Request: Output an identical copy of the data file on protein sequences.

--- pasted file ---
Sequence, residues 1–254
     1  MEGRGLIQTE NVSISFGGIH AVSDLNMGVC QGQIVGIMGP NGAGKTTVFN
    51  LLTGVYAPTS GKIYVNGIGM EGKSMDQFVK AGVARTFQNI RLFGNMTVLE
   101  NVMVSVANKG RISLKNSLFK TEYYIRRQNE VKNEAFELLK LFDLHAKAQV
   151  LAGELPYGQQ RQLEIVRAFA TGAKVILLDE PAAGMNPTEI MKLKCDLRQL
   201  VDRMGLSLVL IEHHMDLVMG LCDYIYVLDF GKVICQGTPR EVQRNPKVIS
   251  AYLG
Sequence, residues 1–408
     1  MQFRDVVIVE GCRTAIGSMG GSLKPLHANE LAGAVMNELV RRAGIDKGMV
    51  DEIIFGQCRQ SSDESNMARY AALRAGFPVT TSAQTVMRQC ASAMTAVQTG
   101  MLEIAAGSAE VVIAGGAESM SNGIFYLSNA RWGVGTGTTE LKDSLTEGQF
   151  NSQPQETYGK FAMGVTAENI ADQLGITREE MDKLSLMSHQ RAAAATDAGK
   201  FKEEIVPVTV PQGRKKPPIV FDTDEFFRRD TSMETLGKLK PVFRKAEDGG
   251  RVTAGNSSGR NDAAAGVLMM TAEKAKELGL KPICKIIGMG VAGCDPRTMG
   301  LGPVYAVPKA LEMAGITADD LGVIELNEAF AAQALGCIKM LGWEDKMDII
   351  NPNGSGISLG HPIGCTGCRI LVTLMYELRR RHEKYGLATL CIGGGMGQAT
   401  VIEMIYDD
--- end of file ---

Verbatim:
Sequence, residues 1–254
     1  MEGRGLIQTE NVSISFGGIH AVSDLNMGVC QGQIVGIMGP NGAGKTTVFN
    51  LLTGVYAPTS GKIYVNGIGM EGKSMDQFVK AGVARTFQNI RLFGNMTVLE
   101  NVMVSVANKG RISLKNSLFK TEYYIRRQNE VKNEAFELLK LFDLHAKAQV
   151  LAGELPYGQQ RQLEIVRAFA TGAKVILLDE PAAGMNPTEI MKLKCDLRQL
   201  VDRMGLSLVL IEHHMDLVMG LCDYIYVLDF GKVICQGTPR EVQRNPKVIS
   251  AYLG
Sequence, residues 1–408
     1  MQFRDVVIVE GCRTAIGSMG GSLKPLHANE LAGAVMNELV RRAGIDKGMV
    51  DEIIFGQCRQ SSDESNMARY AALRAGFPVT TSAQTVMRQC ASAMTAVQTG
   101  MLEIAAGSAE VVIAGGAESM SNGIFYLSNA RWGVGTGTTE LKDSLTEGQF
   151  NSQPQETYGK FAMGVTAENI ADQLGITREE MDKLSLMSHQ RAAAATDAGK
   201  FKEEIVPVTV PQGRKKPPIV FDTDEFFRRD TSMETLGKLK PVFRKAEDGG
   251  RVTAGNSSGR NDAAAGVLMM TAEKAKELGL KPICKIIGMG VAGCDPRTMG
   301  LGPVYAVPKA LEMAGITADD LGVIELNEAF AAQALGCIKM LGWEDKMDII
   351  NPNGSGISLG HPIGCTGCRI LVTLMYELRR RHEKYGLATL CIGGGMGQAT
   401  VIEMIYDD